The test laptop just only reaches a maximum noise level of 35.2 dB(A) during our stress test (GPU and CPU in full load). The operating noise thus always stays at an acceptable level. The power consumption assessments (28W max) however indicate that the processor doesn't exploit its maximum possible capacity even during the stress test. Monitoring the processor clock rate with the CPUZ tool recorded the default clock rate of 2.7 GHz for the CPU in the stress test. This means, no overclocking of all four cores and the installed GPU during load. The CPU clocks with 3.19 GHz when only Prime95 is activated. When Furmark is added, the system throttles down to 2.7 GHz.
We can also only record a maximum of 3.19 GHz in Cinebench R10 Single Core rendering. The clock rate meter stays at the same level in multi core rendering. The i7-2620M's maximum possible clock rate of 3.4 GHz is consequently not exploited in any tested state. Nevertheless, the benchmark results that are determined in Cinebench R10 stay within the i7-2620M CPU's expected range and don't show any irregularities in regards to a possible throttling.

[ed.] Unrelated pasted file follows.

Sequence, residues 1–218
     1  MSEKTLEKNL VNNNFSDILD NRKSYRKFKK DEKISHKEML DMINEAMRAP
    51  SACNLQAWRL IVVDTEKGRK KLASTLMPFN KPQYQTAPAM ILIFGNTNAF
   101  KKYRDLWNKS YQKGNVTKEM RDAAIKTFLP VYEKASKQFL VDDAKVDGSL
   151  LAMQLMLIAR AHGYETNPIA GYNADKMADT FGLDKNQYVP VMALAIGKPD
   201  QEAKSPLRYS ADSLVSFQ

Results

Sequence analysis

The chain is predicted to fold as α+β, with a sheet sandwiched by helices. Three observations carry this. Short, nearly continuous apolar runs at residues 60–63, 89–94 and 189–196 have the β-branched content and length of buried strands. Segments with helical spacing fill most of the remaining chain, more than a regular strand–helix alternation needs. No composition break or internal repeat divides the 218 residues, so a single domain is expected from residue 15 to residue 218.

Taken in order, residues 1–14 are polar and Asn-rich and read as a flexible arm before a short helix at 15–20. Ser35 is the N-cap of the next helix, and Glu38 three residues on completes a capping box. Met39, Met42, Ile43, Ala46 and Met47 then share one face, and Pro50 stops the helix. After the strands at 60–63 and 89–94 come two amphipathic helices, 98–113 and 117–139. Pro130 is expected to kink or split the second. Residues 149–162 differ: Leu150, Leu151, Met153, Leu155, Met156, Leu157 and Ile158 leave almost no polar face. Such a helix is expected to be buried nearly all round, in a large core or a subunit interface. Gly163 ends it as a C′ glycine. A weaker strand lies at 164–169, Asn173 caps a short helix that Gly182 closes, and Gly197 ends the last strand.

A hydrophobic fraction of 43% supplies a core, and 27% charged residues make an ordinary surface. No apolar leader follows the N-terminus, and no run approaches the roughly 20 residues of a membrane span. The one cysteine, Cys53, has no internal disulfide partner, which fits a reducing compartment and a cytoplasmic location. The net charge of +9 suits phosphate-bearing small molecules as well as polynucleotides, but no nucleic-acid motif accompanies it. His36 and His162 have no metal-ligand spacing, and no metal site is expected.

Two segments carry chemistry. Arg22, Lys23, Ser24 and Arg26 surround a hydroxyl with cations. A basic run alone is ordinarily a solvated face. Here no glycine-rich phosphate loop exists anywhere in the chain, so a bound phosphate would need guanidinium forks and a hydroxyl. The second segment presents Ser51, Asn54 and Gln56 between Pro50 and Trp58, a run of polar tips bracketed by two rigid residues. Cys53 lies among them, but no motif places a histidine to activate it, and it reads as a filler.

32.3 / 32.3 / 32.3 dB(A)
||36.4 / dB(A)|
||33.5 / 35.2 dB(A)|
min: , med: , max: Voltcraft SL-300 Plus (15 cm distance)
The tested T420 stays pleasantly cool everywhere in low load. This still applies for the entire upper surface even during higher load, for example two hours in the stress test. Merely temperatures above body temperature are measured in some places on the bottom, and a maximum of 39.7 degrees Celsius in the vents' areas.